Ran afoul of the mysterious pricing system for rail tickets at Kings Cross. I had a choice - leave within 45 minutes for Grantham at a cost in excess of $100 or wait an additional 45 minutes and travel for $40. I waited and was pleased to find a spotlessly clean and guarded (?) waiting room. The ticket seller advised me that I could apply for a 'rail card" that would give me a senior discount. Great, I thought - "how long will that take?" - "about six weeks" was the response.

It's light until about 9 p.m. here now and the train ride was through lovely rural countryside...great patches of yellow blooming rape creating a brilliant contrast to green fields ...a genuine feast for the eyes of a desert dweller. The English countryside is truly beautiful. Long walk with brother and dog planned for later this afternoon. It feels good to be here with family.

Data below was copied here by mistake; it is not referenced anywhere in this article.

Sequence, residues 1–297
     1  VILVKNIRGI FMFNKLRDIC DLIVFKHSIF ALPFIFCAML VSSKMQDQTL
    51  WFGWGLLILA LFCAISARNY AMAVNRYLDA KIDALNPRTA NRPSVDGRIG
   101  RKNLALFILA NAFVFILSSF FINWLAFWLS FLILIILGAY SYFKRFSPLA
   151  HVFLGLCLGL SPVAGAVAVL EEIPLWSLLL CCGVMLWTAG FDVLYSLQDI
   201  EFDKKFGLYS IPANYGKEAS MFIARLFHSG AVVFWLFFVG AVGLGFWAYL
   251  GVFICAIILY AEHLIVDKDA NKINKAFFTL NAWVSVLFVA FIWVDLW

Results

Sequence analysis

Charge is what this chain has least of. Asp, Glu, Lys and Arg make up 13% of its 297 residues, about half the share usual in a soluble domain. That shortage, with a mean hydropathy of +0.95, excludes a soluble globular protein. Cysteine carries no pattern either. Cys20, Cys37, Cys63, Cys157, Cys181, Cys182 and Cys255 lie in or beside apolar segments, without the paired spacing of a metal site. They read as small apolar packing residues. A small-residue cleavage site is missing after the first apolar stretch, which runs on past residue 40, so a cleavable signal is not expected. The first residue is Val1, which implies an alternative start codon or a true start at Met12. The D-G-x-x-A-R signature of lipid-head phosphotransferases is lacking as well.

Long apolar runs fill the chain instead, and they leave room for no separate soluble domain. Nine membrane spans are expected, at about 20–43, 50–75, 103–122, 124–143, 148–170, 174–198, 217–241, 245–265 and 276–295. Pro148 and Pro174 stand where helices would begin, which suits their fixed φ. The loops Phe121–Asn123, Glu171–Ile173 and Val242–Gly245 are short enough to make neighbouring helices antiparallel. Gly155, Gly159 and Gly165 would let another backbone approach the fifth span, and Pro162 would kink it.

Gerry
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Sunday, May 10, 2009

Happy Mother's day


Happy day ladies. Moms, grandmoms, honorary moms - wishing you all treasured memories and love from your families and friends. I wonder how many children are whipping up something delicious for breakfast. One of my fondest memories is of my boys (the oldest was the instigator) "boiling" eggs in the microwave. One of my least fond memories is of my daughter (around 14 at the time) organising her young brothers and me for a breakfast at a local pancake hot spot. We stood 3 hours in a queue waiting to be seated and finally quit, went home and they made "eggy bread" - french toast - and saved the day.
However you are celebrated, don't resist the celebration , don't fuss about kitchen clean-up and treasure those hand made cards.